After Parents Are Gone: Planning for Your Child's Future
Ensuring your child's future in your absence or when you are no longer healthy enough to care for them is one of the last gifts that you can bestow. However, fewer than half of parents of children with disabilities develop plans to ensure that their child’s needs will be met in the event of the parent’s or other caregiver’s death (Forrest, 2018).
According to more than 7 percent of parents in an Illinois survey, the topic was too “emotionally loaded” or stressful for family members to talk about (Forrest, 2018).
However, when a family does not have plans in place, it can affect everyone not just the child with disabilities. Without preparations, families are more likely to face a crisis situation where the child with a disability is forced to move out of the family home, disrupting his/her lifestyle and routines. Most likely, a sibling will accept the care of a brother or sister with disabilities in the midst of both dealing with their parent's death--or worse, a legal guardian who does not have a relationship or an emotional connection with your child will be assigned by the court. Who will be trusted to carry on the wonderful care and resources that supported your child as he/she grew?
The Autism Society of Greater Akron (ASGA) recognizes the importance of future planning for children with disabilities and their families. Join ASGA during the entire month of June 2022 as we offer After Parents Are Gone: Planning for Your Child's Future, a series of educational webinars, question-and-answer sessions with disability experts, live Facebook talks and resource banks about mindfully preparing for the continued emotional, financial, legal and supportive aspects of your child's life when you are no longer able to.
Special Needs Trusts: Financial Support Throughout Your Child's Lifetime
A Special Needs Trust is a future-planning tool that enables a person with a disability to receive financial support without negatively affecting any government benefits they’re receiving like Medicaid or Supplemental Security Income (SSI). Special Needs Trusts can ensure financial security for loved ones with disabilities in your absence.
One Page Person Centered Description: A Snapshot of Your Loved One
A One Page Description is a quick person centered summary of who a person is - what people like and admire about them, what is important to them, and what others can do to best support them. This tool is helpful when a person has any transitions or changes in their life. This might be used for: school, day programs, changes in caregivers, residential living, health care appointments, employment, etc. Join us to learn more!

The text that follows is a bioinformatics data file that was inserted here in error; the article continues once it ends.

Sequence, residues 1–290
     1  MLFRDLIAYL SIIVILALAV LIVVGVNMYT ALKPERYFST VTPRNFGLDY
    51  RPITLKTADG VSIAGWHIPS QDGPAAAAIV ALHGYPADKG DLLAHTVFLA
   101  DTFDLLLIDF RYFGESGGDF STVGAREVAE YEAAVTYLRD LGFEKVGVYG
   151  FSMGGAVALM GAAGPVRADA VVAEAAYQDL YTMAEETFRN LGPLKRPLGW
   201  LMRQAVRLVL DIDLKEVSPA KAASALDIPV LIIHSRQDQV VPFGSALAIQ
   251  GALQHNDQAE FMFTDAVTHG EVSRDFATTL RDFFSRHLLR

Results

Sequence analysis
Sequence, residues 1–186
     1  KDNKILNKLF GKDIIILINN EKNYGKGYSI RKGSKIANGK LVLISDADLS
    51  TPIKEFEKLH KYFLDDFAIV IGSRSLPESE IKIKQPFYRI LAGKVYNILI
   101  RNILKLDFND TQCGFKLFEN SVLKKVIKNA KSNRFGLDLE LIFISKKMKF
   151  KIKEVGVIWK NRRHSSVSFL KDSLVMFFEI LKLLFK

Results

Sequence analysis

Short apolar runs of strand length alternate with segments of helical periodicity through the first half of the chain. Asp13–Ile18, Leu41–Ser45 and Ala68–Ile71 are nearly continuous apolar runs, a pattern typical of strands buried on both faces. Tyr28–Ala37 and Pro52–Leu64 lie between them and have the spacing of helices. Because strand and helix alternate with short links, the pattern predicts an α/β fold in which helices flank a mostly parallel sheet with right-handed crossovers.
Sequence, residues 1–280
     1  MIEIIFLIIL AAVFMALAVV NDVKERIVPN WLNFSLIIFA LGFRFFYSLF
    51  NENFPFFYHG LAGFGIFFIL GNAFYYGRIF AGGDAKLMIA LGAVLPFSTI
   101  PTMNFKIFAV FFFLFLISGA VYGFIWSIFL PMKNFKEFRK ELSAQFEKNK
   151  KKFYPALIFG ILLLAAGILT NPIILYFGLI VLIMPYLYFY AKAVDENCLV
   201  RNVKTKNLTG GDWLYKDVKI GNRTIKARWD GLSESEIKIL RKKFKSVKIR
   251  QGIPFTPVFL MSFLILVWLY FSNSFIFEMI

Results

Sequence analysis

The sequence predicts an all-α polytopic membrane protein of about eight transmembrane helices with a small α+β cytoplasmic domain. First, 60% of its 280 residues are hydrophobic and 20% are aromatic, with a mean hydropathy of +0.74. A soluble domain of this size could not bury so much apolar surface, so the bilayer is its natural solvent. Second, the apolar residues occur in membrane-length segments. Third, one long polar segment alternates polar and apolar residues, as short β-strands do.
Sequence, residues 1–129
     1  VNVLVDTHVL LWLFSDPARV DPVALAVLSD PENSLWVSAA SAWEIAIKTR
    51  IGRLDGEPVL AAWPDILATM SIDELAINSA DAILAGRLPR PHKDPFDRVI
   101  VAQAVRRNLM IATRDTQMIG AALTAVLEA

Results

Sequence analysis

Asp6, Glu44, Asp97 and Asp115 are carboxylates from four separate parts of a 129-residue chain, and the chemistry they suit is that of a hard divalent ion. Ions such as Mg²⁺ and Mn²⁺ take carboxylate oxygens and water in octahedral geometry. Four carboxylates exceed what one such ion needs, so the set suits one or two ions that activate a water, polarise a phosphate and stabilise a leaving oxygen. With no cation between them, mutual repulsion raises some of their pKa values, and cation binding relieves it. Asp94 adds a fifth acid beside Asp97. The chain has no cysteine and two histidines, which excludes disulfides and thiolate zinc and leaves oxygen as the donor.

The Alphabet Soup of SSI and SSDI
What is the difference between SSDI and SSI? Can You Get Both SSDI and SSI Disability Benefits? Who is eligible for SSI? Do I need an attorney to apply for Social Security disability benefits? How does Medicare work with Social Security disability benefits? This can be a complex system to navigate, but ASGA is here to help with an informational session to answer your questions.
Does Your Child Need a Legal Guardian or Power of Attorney?
Individuals on the spectrum display great differences in decision-making capability. But regardless of their personal capacity, when they reach the age of 18, they are legally recognized as adults. That means they make their own decisions regarding medical care, finances, education and other important matters. Is your loved one capable of doing this or do you need to explore some form of guardianship or power of attorney?
What to Know: STABLE Accounts
Living with a disability can mean extra and significant expenses not covered by insurance, Medicaid or Medicare. Nicholas Hancart from Ohio Treasurer of State explains the benefits of STABLE accounts, who is eligible, how to enroll, what expenses are considered "qualified", STABLE Account vs. Special Needs Trusts, and implications for SSI recipients.
Grief and Disabilities
People with disabilities have a right to participate fully in the grief and mourning process. It is a tough thing to deal with under any circumstance, but many people are uncomfortable providing grief support to individuals with disabilities: will they understand, what do I say, how do I deal with their reaction? ASGA is sharing two videos from our fellow Ohio Family Network member to hopefully provide some guidance.
Is your loved one with a disability receiving Medicaid but is also nearing the age of Medicare eligibility? Dual coverage, when a person is drawing Medicare and Medicaid benefits, requires a person to apply for MyCare Ohio.